Home News Groundbreaking for New Southwest Pickaway Fire and W.A.D.E.S EMS Building Sets the...

Groundbreaking for New Southwest Pickaway Fire and W.A.D.E.S EMS Building Sets the Area into the Future


PICKAWAY COUNTY, OH – The Southwest Pickaway Fire District has officially broken ground on a new service building that will house both the W.A.D.E.S EMS and the Southwest Pickaway Fire Department. Funded by a $1.8 million levy passed by local citizens in 2022, this facility marks a significant milestone for the community.

Chief Roger Peart, who has been with the department since 1982, expressed his excitement about the long-awaited project. “The area has been waiting for a fire department for as long as I have been part of it. The building we started in was already old and didn’t completely fit our needs, but we made do for years,” he said. “We have been working really hard over the last 12 years to get this done. It’s history in the making.”

Peart recalled his early days with the department, emphasizing the community’s persistent efforts to secure a new facility. “My very first fire meeting in 1982, one of the topics was how we could get a new firehouse. We have been working on it ever since, and now, after 42 years, we have finally made it happen.”

The new facility is designed with the future in mind, featuring several office areas for both departments and a public area for community events like voting and blood drives. Notable amenities include a state-of-the-art air system for the trucks, a powerful generator to ensure continuous power, and plans for a helipad to facilitate quicker emergency responses.

The Southwest Pickaway Fire Department was estimated chartered in 1933, but the presence of fire services in the town dates back even earlier. According to historical records, the town budget allocated funds for firefighters and fire equipment as early as 1906, which is believed to be when the hand pumper, known as “Waldo,” was acquired.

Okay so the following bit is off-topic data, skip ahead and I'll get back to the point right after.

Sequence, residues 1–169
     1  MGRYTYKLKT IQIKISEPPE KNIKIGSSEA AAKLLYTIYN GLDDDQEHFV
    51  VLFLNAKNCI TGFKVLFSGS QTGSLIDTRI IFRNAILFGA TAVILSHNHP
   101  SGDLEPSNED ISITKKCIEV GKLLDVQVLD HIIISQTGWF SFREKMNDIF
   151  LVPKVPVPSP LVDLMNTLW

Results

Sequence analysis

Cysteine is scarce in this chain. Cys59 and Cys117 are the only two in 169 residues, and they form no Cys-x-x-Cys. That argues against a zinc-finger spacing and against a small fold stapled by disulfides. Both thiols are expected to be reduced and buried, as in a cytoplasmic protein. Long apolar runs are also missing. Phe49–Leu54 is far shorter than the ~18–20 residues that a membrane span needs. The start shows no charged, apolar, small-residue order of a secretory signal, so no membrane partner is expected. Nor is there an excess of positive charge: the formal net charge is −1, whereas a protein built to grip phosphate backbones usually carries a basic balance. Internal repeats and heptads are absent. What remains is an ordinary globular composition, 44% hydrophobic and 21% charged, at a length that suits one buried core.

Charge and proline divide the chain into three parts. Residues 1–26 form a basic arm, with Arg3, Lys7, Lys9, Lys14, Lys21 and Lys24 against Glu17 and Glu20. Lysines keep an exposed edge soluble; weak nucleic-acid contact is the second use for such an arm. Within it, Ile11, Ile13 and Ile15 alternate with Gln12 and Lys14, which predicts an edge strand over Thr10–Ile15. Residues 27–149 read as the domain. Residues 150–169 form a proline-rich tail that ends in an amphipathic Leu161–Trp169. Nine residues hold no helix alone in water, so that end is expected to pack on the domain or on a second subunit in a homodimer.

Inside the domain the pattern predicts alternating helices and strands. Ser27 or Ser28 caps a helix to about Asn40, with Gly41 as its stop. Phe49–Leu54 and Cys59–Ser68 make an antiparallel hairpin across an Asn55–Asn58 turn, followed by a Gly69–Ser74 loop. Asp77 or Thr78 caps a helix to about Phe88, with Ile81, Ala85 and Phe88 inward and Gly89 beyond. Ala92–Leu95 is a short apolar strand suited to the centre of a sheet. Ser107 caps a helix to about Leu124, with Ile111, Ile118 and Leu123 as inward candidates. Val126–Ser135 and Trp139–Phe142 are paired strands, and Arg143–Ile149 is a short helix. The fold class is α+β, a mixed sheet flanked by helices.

A notable incident in 1912 involved a significant fire in downtown Williamsport, where six buildings were lost. Waldo, the hand pumper, played a crucial role in stopping the fire from spreading further south, saving two additional buildings. Remarkably, the Circleville Fire Department was also called in, arriving with their steam pumper, which was horse-drawn, and the firefighters jogged behind it to assist.
Chief Roger Peart, who has a keen interest in the department’s history, proudly displays Waldo in the fire station, having created a special location to showcase this antique firefighting apparatus.

“We have one more free bay that’s not being used, and in a lot of other fire departments, they stack trucks,” Peart explained. “This building design here is one door per truck, plus a spare door. If I stack them, I could fit five more trucks in there. We want this to be the Western Hub if the state goes to a county district. The helipad is really important for our area, creating a helipad to their specs allows us not to pull a crew to assist in landing the helicopter or calling mutual aid, we can just tell them to land at the station’s pad and we meet them there it’s a win-win for us and them because they can also use it for other reasons if they need to.”

The new building will also feature a repeater for stronger radio signals and improved facilities for the crew, including workout equipment and multiple meeting areas. “We have a magnetic whiteboard for fire critiques, and a treadmill with a TV where you can walk any trail in the world,” Peart shared. “I was in Zion National Forest two days ago and the Grand Canyon a week before that. It’s fun.”

WADES EMS Chief Gary Wright highlighted the new facility’s impact on their operations. “I’ve been working out of the old station since 1971, and it was antiquated at best. Moving into this spacious, air-conditioned building makes it so much easier to do our job,” he said. “We have better storage, organized supplies, and a comfortable place to call home.”

The Southwest Pickaway Fire District covers 94 miles of village and township areas, with EMS handling nearly 400 runs a year and the fire department about 125. The fire department consists of 11 volunteer members, most with over 12 years of experience. Both EMS and the fire department are actively seeking new members and offer free training to those interested in serving the community.

Chiefs Gary Wright and Roger Peart, who together represent over 90 years of service, have always enjoyed giving back to the community. “If you are interested in serving the community, we have a spot for you here,” they affirmed, “you don’t have to be 18 years old, we will take you at 40, it’s a great way to give back to your community.”

The new service building stands as a testament to the dedication and hard work of the entire community, ensuring that Williamsport and Deercreek are well-prepared for the future.